“What dank political swamp have adoptees tripped into?”
Bastardette has blogged about the latest hearing on Ohio’s substitute bill for HB7, LSC 127 0671-3.
Yes legislators walk out on hearings frequently, but I think it’s pretty clear by this point that those of us shut out of the system, left with nothing other than begging for equality are being viewed as a non-vital waste of time by some and dismissed out of hand.
To those of familiar with the ongoing open records fight in Ohio, it’s always been clear that there’s been ‘more to it’ than just the surface level day to day politicking and genuine political disagreement. Time after time, as open records are proposed and worked through legislatively, we find ourselves thwarted, dismissed and ignored.
There has always been more to adoption in Ohio than what’s evident on the surface. Decisions are being made in places far from public scrutiny.
And then there’s the direct personal involvement of some legislators themselves, creating conflicts of interest the likes of which would simply not be tolerated in most other fields.
Bastardette points out how Rep. Huffman apparently in the course of doing adoptions, made promises of (eternal) secrecy to original mothers, promises clearly without the force of law behind them:
(BTW, Huffman told the January hearing that when he handled adoptions he told women whom he feared would abort that records would remain sealed and their identities hidden.)
These promises were not his to make.
Now, as he sits on the committee, he utilizes his power to ensure that his own actions in relation to adoption will not come back to haunt him.
Huffman is a part of the adoption pentagon (Original Parents, Bastards, agencies/lawyers/intermediaries/etc, the State, and Adoptive Parents,) he is an interested party with a stake in the outcome.
How the hell are we as Bastards supposed to get a ‘fair hearing’ out of someone using his political office to cover his own ass?
Again, to quote Bastardette:
What dank political swamp have adoptees tripped into?
None of this is a mess of our own making, this is simply the landscape we are forced to contend with, a landscape littered with conflicts of interest and political back room deals that for decades now have kept us dis-empowered.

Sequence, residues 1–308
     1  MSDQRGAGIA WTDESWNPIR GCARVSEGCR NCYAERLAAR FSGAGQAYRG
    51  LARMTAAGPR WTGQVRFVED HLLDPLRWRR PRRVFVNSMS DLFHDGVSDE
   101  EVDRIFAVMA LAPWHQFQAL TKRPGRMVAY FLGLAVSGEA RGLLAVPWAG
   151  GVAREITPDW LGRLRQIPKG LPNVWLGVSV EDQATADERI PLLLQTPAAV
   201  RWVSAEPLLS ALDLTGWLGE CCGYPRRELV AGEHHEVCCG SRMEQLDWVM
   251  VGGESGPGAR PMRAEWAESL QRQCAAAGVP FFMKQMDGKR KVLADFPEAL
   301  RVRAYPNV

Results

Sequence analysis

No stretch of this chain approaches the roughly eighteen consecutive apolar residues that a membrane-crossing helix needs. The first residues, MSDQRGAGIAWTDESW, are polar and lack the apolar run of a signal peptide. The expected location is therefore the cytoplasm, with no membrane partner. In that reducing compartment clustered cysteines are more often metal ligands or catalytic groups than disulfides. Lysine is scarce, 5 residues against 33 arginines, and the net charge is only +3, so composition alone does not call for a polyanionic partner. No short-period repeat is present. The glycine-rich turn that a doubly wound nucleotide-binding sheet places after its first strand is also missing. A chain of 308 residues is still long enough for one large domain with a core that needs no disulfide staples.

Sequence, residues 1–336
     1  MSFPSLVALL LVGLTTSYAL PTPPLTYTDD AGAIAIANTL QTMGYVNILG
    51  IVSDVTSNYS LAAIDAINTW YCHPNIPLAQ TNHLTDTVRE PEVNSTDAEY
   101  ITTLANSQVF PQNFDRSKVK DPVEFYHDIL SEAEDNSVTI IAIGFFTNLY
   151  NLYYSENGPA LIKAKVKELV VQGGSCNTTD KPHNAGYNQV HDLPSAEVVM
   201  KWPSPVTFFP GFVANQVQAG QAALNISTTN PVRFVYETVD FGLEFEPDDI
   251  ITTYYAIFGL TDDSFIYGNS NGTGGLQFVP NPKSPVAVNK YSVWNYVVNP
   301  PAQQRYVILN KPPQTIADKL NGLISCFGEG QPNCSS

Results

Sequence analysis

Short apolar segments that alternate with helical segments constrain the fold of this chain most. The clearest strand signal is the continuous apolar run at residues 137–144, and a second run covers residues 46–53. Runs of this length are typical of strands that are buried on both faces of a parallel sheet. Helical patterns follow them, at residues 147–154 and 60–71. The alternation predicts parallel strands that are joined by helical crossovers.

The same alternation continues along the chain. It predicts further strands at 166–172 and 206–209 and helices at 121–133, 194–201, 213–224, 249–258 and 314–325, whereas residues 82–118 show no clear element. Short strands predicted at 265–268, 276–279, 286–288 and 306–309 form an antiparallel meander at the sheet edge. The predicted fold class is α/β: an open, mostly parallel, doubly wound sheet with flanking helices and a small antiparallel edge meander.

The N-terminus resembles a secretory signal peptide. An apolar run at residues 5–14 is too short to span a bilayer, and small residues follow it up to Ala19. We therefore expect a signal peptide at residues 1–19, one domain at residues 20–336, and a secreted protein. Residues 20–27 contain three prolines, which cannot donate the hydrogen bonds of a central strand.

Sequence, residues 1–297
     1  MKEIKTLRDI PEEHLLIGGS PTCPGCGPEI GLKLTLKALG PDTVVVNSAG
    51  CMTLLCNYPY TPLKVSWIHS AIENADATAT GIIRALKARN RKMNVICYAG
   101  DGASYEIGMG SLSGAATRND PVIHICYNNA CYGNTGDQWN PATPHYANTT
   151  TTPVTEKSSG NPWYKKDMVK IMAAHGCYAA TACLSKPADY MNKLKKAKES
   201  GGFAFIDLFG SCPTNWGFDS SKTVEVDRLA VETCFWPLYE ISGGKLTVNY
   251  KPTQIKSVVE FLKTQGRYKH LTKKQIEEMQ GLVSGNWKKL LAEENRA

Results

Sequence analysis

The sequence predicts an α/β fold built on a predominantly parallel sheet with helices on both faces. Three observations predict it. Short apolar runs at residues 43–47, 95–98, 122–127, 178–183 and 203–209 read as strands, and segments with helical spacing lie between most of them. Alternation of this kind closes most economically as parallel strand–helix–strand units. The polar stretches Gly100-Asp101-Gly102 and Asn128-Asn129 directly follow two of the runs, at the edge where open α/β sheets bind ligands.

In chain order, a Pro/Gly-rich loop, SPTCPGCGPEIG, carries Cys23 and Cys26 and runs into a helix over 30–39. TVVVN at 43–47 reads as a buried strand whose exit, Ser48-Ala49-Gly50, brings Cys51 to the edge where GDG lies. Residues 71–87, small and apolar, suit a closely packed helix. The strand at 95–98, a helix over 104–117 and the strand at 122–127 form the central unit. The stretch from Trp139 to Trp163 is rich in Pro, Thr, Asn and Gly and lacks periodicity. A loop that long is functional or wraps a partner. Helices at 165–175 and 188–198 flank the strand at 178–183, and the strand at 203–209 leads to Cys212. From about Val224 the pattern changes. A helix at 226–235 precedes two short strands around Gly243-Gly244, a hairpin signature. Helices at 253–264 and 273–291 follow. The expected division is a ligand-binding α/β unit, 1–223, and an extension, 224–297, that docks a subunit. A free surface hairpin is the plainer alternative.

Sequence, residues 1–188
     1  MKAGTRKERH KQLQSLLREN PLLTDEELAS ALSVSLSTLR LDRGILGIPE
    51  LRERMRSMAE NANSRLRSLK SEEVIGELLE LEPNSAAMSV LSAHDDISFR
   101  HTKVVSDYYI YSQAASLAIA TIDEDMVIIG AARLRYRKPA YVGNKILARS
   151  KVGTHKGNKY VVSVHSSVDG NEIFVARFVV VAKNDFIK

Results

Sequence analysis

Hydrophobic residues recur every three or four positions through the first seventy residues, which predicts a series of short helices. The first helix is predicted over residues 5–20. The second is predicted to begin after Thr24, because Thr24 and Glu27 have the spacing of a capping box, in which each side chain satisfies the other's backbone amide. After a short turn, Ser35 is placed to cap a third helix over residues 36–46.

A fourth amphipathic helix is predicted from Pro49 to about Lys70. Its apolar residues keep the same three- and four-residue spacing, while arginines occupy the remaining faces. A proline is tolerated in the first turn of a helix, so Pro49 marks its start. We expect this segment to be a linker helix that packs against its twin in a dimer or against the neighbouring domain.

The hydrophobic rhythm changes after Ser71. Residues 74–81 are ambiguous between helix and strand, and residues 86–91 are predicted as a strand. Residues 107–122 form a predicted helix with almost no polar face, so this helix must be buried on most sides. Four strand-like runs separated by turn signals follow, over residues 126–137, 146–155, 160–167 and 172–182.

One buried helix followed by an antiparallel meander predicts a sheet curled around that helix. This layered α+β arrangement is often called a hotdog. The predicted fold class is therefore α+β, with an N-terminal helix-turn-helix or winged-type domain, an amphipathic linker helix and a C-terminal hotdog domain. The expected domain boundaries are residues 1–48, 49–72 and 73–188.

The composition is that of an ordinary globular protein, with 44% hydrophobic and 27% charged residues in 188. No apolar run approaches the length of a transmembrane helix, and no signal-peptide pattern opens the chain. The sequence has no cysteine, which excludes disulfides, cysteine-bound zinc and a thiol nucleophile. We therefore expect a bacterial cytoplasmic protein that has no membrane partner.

Even on the face of it (never mind the intrigue for a moment) we’re left in a politically untenable situation, we’re a minority to begin with, and always will be.
For those of us who have left the states we were adopted in, we are left in the position of contacting legislators who hold the keys to our records in states we have no vote in. These people don’t answer to us, and one really has to wonder if contacts made with an out of state address mean anything other than paper airplane fodder on the way to the ‘circular file’.
We’re outsiders, with nothing left other than to plead to all too often deaf ears about the plight we are trapped in. There are committee members who do hear us, but without the ability to move the committee to restore access, their support fails to change our situation.
I am an adoptee from the time period within the first few years after the law changed. I am one of the ‘early kids’ born of the sealed records system. We were some of the first affected (afflicted!) We’ve spent all our lives with nothing more than a question mark.
And we are left with no other political recourse other than to return year after year, begging people like adoption lawyers for our rights. This is laughable on the face of it.
The intentional stripping of records access off Ohio HB7 is merely the latest in a long line of indignities and denials of rights Ohio Bastards have been forced to endure.
When a legislator cannot even be bothered to take to the time to listen to our apparently pointless begging, we’re really left with one question, where can we turn?
What recourse are we left with?
But again, as Bastardette has so clearly pointed out, they can wait us out:
If they wait long enough we’ll just die off.
We’re a sandwiched middle generation with no access, in time, we too shall pass.
While that may be time the existing system can certainly afford, for the directly affected, every moment of every day we’re denied access is a moment of rights denied. For those to whom search matters, every moment wasted is a moment of the ground shifting beneath them, opportunities lost, never to be regained.
But clearly, in the end, Rep. Huffman’s lies to womyn, guaranteeing them something that he simply could not, outweighs us every time.